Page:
PC problems? Troubleshoot them in 10 steps

PC problems? Troubleshoot them in 10 steps

Summary: Being methodical when you troubleshoot PC issues can save time and frustration — and it also gets users back to work more quickly, says Jack Wallen

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TOPICS: Apps
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  • Resolve login issues

    6. Resolve login issues
    How often do you hear users complaining that they can't log in to their computer. Have they forgotten their password? Is the machine on a domain? If it's on a domain, is the machine online? There are so many potential problems, that it's often hard to know where to start.

    But here's the first thing you should do. If the user is on a domain and you have access to their Active Directory server, try to log in to that server with his or her credentials. If you can do that, the issue has been narrowed to either the network connection or the manner in which the user is logging in. Sometimes users think they are logging in to a domain, but are just logging in to their local machine.

  • Troubleshoot specific software

    7. Troubleshoot specific software
    Sometimes, a single piece of software is the cause of the user's problems, which in turn becomes the source of the support specialist's grief — especially if it's a niche piece of software.

    The first thing I'd do in such a case is double check to ensure the issue is, in fact, limited to one particular app. If the problem is network related and all other applications can get online, the issue is probably limited to the one piece of software. If so, and the software depends on a network connection, ensure neither the firewall nor the antivirus software has started blocking the software from getting packets in or out. Once I have discovered the problem is restricted to a single piece of software, often a repair install will solve the issue.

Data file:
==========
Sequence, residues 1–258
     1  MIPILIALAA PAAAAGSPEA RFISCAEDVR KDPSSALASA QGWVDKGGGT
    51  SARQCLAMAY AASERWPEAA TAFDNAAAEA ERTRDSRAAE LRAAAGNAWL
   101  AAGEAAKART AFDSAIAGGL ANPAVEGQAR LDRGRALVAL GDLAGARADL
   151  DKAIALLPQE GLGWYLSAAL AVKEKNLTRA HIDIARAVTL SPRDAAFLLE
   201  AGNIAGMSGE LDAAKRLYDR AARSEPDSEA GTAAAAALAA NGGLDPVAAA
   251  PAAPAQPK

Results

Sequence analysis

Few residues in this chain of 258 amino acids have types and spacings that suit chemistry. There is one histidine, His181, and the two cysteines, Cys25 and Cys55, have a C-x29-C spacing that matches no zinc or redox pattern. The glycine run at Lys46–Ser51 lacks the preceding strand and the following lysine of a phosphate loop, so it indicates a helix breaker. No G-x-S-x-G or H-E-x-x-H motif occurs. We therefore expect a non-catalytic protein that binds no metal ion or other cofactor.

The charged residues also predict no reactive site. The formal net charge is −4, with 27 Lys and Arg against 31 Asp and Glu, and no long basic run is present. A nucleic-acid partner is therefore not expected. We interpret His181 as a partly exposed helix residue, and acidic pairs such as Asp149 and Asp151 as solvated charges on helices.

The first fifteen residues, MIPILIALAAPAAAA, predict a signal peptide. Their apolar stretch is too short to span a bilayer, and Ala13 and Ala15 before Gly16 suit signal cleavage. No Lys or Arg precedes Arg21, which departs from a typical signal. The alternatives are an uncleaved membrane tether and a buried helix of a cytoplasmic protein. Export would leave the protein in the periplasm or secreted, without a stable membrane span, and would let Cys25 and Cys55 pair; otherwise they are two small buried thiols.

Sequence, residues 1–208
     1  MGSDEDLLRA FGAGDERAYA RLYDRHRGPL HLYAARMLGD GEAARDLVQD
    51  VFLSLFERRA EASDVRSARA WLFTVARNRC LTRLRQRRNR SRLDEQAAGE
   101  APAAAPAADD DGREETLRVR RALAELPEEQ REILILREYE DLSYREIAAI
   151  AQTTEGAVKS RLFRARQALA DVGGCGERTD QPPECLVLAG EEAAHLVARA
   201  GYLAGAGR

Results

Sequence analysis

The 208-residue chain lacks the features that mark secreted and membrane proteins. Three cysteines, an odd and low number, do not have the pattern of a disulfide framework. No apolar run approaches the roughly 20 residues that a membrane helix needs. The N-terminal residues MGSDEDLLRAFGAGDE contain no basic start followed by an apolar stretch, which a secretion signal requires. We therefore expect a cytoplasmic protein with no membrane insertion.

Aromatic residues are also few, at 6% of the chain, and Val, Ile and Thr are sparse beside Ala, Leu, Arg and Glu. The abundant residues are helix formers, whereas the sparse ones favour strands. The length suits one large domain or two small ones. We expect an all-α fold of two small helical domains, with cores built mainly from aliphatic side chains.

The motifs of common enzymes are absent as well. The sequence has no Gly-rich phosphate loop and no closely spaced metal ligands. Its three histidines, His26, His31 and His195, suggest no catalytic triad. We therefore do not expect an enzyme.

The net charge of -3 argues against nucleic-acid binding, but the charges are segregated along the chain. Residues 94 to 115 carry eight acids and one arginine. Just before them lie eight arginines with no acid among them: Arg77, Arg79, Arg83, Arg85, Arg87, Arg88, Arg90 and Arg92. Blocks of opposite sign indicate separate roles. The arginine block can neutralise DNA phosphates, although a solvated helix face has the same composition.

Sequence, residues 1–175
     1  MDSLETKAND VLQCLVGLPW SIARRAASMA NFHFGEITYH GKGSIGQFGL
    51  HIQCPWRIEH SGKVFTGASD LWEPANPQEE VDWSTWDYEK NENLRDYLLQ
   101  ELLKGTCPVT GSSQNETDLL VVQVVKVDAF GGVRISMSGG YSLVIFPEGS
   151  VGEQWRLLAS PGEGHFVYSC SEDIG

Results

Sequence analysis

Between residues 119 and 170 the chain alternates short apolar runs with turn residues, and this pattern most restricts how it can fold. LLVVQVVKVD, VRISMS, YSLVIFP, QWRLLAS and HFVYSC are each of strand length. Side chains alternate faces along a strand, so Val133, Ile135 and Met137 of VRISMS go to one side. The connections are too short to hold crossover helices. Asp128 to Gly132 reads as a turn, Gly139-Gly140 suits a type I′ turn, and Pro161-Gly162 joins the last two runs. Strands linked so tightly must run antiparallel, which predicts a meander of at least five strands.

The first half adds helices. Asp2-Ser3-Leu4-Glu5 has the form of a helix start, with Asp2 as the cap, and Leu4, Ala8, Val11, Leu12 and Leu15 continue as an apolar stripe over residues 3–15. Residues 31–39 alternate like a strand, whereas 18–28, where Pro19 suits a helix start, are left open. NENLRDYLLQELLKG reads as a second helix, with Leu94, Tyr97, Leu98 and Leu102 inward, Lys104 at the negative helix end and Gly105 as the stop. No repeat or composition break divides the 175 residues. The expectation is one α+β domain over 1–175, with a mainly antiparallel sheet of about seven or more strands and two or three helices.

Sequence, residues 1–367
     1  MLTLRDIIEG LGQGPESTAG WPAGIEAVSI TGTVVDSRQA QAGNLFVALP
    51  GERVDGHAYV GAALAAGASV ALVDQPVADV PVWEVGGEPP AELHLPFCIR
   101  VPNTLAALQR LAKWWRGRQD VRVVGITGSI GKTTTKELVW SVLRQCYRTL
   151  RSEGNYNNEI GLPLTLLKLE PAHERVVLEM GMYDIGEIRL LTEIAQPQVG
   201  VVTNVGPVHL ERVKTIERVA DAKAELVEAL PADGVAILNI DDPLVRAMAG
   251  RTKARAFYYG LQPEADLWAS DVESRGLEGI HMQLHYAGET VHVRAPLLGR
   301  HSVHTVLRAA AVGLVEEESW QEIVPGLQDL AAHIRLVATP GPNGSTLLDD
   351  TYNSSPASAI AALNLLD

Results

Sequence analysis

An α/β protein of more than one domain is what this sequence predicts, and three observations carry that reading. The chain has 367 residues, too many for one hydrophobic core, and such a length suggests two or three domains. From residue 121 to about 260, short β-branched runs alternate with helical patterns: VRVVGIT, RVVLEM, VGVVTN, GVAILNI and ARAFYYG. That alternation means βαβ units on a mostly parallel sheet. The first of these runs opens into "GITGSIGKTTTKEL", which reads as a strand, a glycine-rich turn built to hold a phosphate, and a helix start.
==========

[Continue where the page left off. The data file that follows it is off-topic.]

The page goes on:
Image credit: dissolved/Flickr

  • Look for virus issues

    8. Look for virus issues
    I find that 50 percent of support calls turn out to be caused by viruses. Since viruses display a variety of symptoms, how can you quickly determine whether a virus is the cause? I know support techs who have spent hours trying to track down a virus on a machine that wasn't actually infected.

    There are a few questions I like to ask. The first is, "What behaviour is your computer displaying that makes you believe it has a virus?" The answer to that question will dictate where you go from there. Other questions to ask are:

    • Has your computer drastically slowed down recently?
    • Are strange or unwanted pop-up windows appearing at random times?
    • Were you recently on a website you don't normally visit?
    • Did someone else use your machine?
    • Did you recently open an email attachment?
    • Has a strange security window recently started popping up?

    These questions will guide you in the right direction in diagnosing a virus infection.

    Image credit: talksrealfast/Flickr

Topic: Apps

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